My medical partner ultimately recommended some ibuprofen and observation for her patient. My partner tried to reassure her patient as best as she could and suggested to give it a week and then have her return for a recheck. Paradoxically, if it was up to the patient, her care would be “centered” on having a CT scan or an MRI of the chest. It turns out that this would have cost thousands of precious dollars. Who is right in this scenario? Don’t ask Dr. Berwick. He is busy brainstorming.

4 comments:

Pat said...

One of your best essays, and damn funny, although it does give me pause. Perhaps in the ER I need to be more "patient-centered" when frequent fliers visit to get their chronic narcotics refilled. Do you think Dr. Berwick would give me a good character reference when my license gets yanked?

Medical Aesthetics Job Posting said...

I agree with the whole concept of information exchange;
but it’s absurd to suggest that the patient in question may have a better understanding of the process of their diagnosis.


The patient can only make sense of the symptoms, which may cloud their judgment in stating their need for pills or an MRI.


Your right, perhaps Dr. Berwick needs to get his hands dirty again to gain a little perspective.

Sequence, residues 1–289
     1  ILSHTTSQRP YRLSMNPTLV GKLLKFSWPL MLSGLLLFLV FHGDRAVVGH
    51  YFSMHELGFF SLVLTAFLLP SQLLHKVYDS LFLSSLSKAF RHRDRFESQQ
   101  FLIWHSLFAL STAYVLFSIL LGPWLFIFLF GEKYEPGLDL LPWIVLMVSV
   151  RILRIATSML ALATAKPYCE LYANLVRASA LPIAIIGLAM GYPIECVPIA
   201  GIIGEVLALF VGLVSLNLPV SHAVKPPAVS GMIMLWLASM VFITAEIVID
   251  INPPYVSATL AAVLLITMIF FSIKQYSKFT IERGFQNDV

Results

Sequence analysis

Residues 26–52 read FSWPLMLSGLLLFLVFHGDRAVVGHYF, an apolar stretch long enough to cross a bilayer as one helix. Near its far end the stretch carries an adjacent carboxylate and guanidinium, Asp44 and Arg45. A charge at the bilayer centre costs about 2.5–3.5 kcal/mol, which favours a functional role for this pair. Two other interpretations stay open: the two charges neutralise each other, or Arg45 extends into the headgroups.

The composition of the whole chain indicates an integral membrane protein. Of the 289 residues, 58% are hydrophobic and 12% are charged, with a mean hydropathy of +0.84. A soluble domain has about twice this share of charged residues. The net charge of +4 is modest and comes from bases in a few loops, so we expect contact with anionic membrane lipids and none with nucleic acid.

Lymie said...

You are deliberately mis-interpreting what Don is saying. He is advocating treating patients like responsible adults, and really listening to them. Once you establish good relationships, and expectations of trust, the exchange of information and collaborative decision making becomes natural. If you are not smart enough to be able to explain the diagnosis and treatment options to your patients, because they are not your "peers" you have a serious problem. And you are seriously arrogant.

Most of what you jokers do in medicine is not evidence based, so more than one choice is viable. You can't force patients to accept treatment, either.

A lot of wasteful spending happens in the last two years of life. What Don advocates is for supporting home care, hospice, etc. It is doctors who hop on the train down intervention land, as part of for-profit medicine.

tantheman said...

Sorry for the late reply but just came across this post while investigating our whacked out CMS head. Just wanted to encourage you--don't let Lymie get to you. Clearly she/he is a delusional socialist along the lines of "I love Britain's healthcare" Berwick. Apparently Lymie is also psychic enough to figure out that you were deliberately misinterpreting him. I wish I had those skills. It would make patient care so much easier. And Lymie is the arrogant one--it's our fault that we're not smart enough to explain things to our patients? Of course it has nothing to do with the complexities of medicine and the fact that there are a lot of evidence gaps making the right decision sometimes not clear. Yeah, it's our fault. Oh, and you have to do all that and get a history and examine the patient and bill and write/dictate/chart your note and coordinate care and check all the health screening and address the 15 chronic medical problems and check all their meds and make sure they're not smoking and discuss diet all in 15 min.